A More Compelling Story

Here’s what the world really needs: a more compelling story.

I proudly self-identify as a raving eco-feminist, and have been boosting those signals for over 20 years. I get excited by ideas like kyriarchy and flap my hands and corner my husband and hop up and down a lot while “explaining” my new finding. I spend a lot of time reading philosophy even though I don’t have to. I quit engineering when I was still a student because I intuitively felt morally responsible for my actions even when I didn’t have the authority to make decisions. (It’s taken me 2o years to find the right language to describe that sensation, by the way. But there’s an entire thesis in that issue, so I won’t subject you to it. Not now, anyway.) I’m there. I am SO there.

But I still hear a lot of people saying, “Convince me.” (Even if the way that they put it superficially sounds more like, “What kind of idiot are you to be telling me how to live my life? F-off you hippie freak!” I choose to hear it as an invitation to dialogue. Although maybe not until after eating some fair-trade, organic dark chocolate and doing some deep breathing exercises.)

We have tried for decades. We have tried scaring people. We have tried cajoling, appealing to their better natures, and plastering the world with photos of the poor and the downtrodden. We have championed the causes of the tiny (peeper frogs) and the giant (blue whales). We have asked for peace, for justice, and for clean air and water. And in the process, we have broken our own hearts again and again and again in the face of a broader populous that seems to insist on responding, “What’s in it for me?”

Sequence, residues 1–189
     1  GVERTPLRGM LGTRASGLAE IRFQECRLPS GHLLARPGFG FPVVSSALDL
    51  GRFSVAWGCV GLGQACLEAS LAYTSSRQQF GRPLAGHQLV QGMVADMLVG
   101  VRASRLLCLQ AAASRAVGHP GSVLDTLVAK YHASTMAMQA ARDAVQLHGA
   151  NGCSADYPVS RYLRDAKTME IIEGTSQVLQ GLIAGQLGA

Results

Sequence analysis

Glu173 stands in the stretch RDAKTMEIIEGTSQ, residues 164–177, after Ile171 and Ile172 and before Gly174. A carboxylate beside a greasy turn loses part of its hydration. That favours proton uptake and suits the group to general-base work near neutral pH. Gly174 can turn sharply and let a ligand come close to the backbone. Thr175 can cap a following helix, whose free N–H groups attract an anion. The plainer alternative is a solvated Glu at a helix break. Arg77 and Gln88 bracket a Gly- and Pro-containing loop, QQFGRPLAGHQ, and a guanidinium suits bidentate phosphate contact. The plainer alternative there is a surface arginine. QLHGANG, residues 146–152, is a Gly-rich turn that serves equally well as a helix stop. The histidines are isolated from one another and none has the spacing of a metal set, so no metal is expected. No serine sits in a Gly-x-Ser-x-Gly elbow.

So. What IS in it for them? What keeps us going in the face of a Canadian government that covers their collective ears and screams, “La la la la! I can’t HEAR YOU!” Why should people come around to our ways of thinking?

We don’t have an afterlife to promise them. We don’t have the moral authority of a single church, a single state, or a single culture to draw upon.  We are asking individuals to make different choices, and in so doing, to give up what they are used to in order to build the better world that *we* want to live in. We must appeal to something more immediate. So, after nearly two decades living with this worldview, here’s what I propose:

Consuming less is better, not because it is morally superior, but because you will have more fun. You will have more time to spend with your family and friends, and to meet more family and friends if that’s what floats your boat. You will have more time and energy to spend on your passions. You will eat better, be healthier and even (gasp!) have better sex if you get off the hedonic treadmill, and back onto the walking trails of Real Life. Shake it off!

It doesn’t hurt to be beautiful; it hurts to fear that you are not. It hurts to look outside yourself for the mirror of your heart and find it wanting. This world is selling you pain with the right hand and bandaids with the left. The system lives on fear, and feeds it back to you for its own ends. The SYSTEM, not the people in it. They play their roles because they have been eating of the same fears: Fear of not having, fear of being left out, fear of rejection, fear of meaninglessness, joylessness, and want. Give them back: mark them Return to Sender, and find joy and abundance in their stead.

Tell me a more compelling story!

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